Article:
Has Duterte done any good? Robredo says yes, but he missed out on many things
MANILA, Philippines — Vice President Leni Robredo believes President Rodrigo Duterte has done some good for the country, regardless of what he had been saying about her, such as that she was intent on criticizing him and his administration no matter what they do.
“I think there are many things [he has done],” she said, speaking mainly in Filipino, in an interview with Vanguard Radio Network on Friday. “I think the Build, Build, Build — I think that’s okay. It’s okay in helping [the country]. There are many laws that have been passed.”
“For example, Universal Health Care was passed. There were many [bills on] health legislation that were passed, and I think, to a very large extent, it’s because of the President. We know that when the President says it’s urgent it gets passed,” she added.
On the other hand, Robredo said the President missed out on a lot of things — and he had been a divisive, rather than a unifying, figure.
The Duterte administration has been heavily criticized for its alleged disregard of human rights, with many people condemning its bloody drug war.
Critics, particularly those in the opposition, have repeatedly accused Duterte of being subservient to China’s interests and, recently, of incompetence in managing the government’s to the COVID-19 pandemic.
“I feel we have wasted what could have been milestones,” Robredo said. “I feel they’re wasted in the sense that all the good things that have been done would have had a better effect on all of us if they had been laid out properly. For me, there were many missed opportunities.”
“What’s really sad is the polarization. For me, the President could have been more unifying — in the sense that we could have achieved more if our collective action had been there. I wish he would not look at suggestions, the criticisms, as a threat, a threat to his government,” she went on.
Even before the COVID-19 pandemic, Robredo had been a vocal figure for the opposition, with her criticisms even landing her a Cabinet post again in late 2019, with Duterte appointing her as co-chair of the Inter-Agency Committee on Anti-Illegal Drugs.
Duterte cut short her tenure, believing that she had been talking with individuals that rebuked him and his administration.
Amid the pandemic, Robredo did not stop criticizing the administration, while at the same time giving suggestions — again earning Duterte’s ire. Last Monday, the President lamented that Robredo always found something to nitpick on whatever he and his Cabinet did or did not do.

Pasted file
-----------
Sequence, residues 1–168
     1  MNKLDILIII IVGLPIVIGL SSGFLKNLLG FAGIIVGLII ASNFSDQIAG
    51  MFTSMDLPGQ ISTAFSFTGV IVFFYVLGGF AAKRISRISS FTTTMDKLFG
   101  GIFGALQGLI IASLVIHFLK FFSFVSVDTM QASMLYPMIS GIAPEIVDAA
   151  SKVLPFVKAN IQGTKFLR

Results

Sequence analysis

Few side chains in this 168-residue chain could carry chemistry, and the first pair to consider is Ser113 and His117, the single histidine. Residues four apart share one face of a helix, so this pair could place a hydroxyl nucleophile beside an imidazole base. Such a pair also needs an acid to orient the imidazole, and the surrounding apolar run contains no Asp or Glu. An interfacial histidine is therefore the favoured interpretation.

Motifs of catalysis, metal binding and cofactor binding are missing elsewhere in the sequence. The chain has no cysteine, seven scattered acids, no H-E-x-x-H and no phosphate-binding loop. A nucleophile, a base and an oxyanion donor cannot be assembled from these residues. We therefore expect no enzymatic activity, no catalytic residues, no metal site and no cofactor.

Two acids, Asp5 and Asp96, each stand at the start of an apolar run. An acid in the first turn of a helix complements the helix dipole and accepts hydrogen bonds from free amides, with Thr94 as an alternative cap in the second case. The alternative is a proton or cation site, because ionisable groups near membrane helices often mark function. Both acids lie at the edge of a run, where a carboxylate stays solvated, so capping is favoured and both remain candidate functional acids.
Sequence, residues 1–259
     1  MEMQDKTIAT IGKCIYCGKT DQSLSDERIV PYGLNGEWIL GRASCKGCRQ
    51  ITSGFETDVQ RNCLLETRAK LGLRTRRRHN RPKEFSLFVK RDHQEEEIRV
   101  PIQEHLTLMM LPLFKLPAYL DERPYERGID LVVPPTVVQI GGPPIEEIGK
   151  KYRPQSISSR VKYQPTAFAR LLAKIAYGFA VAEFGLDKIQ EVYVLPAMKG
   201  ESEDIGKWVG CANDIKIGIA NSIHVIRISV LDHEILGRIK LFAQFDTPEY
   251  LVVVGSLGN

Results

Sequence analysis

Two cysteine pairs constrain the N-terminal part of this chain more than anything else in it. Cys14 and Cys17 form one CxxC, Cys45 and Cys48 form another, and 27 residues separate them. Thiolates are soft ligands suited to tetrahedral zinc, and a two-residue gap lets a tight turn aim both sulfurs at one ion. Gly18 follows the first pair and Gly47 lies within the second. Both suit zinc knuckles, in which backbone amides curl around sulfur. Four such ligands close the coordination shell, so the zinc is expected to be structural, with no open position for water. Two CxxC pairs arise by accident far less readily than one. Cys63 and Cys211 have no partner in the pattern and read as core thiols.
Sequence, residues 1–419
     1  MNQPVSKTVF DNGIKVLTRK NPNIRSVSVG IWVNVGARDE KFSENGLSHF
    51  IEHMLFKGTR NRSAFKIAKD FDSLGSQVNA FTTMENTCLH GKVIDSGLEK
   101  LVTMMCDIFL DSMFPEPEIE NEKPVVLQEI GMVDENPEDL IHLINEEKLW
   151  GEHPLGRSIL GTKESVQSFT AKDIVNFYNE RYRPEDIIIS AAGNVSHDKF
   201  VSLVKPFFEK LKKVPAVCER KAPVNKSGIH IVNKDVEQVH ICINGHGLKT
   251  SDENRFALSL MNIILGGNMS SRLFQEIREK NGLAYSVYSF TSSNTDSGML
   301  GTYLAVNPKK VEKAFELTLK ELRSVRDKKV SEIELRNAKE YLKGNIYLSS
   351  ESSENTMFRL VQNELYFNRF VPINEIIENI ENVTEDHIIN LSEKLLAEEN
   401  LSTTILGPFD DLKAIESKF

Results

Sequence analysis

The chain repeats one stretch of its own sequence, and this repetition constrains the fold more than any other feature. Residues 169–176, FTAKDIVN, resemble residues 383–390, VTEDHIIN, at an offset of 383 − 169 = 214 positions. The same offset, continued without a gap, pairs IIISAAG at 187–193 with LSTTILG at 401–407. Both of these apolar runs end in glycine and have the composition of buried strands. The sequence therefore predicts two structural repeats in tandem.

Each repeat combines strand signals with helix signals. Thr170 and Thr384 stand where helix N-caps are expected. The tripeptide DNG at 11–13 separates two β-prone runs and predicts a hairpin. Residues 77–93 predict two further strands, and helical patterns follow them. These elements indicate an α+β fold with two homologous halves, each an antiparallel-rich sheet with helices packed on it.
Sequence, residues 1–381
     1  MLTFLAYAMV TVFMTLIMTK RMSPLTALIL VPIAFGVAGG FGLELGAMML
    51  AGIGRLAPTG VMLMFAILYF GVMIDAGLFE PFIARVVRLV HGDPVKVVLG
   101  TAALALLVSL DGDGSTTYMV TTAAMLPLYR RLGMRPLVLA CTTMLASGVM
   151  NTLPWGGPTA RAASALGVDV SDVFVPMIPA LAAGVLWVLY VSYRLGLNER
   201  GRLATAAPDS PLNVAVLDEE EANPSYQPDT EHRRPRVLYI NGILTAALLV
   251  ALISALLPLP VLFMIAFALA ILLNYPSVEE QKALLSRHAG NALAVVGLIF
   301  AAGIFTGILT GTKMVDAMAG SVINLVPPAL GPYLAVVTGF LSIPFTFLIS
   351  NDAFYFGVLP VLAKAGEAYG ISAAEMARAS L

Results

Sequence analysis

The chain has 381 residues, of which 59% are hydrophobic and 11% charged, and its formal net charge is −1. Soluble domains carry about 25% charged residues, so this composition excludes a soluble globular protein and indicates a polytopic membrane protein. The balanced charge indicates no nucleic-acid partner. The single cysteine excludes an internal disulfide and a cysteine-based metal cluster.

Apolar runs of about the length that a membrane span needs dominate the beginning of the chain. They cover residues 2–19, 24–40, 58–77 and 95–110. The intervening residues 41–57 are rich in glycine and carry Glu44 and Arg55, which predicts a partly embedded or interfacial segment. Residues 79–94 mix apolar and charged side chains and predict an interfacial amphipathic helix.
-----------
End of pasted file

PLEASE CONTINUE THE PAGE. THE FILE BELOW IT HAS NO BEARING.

But Robredo clarified that her views were not only meant for Duterte. They were for anyone who might replace him in the 2022 elections — because she had observed that the country seemed to always go into a “reboot” with every new president, particularly one belonging to a party different from that of the previous one.
Since 1992, when then-President Corazon Aquino supported her former defense chief, Fidel Ramos, in the next presidential election, no outgoing and incoming presidents belonged to the same party. The closest scenario happened was in 2004, when then-Vice President Gloria Macapagal-Arroyo took over the presidency with the ouster of President Joseph Estrada.
“It seems that every time there’s a new president we go into a reboot. I think that’s bad for the country — that anything associated with the past administration, even if it’s good, will no longer be continued because it’s associated with the past administration. For me, I wish all that’s good should be continued. All that’s not good should be replaced,” Robredo said.
“These [suggestions] are not just for President Duterte. But I think, moving forward, they are for whoever takes over — hopefully, more unifying, more inclusive, and you know, more long-tern in perspective,” she added.
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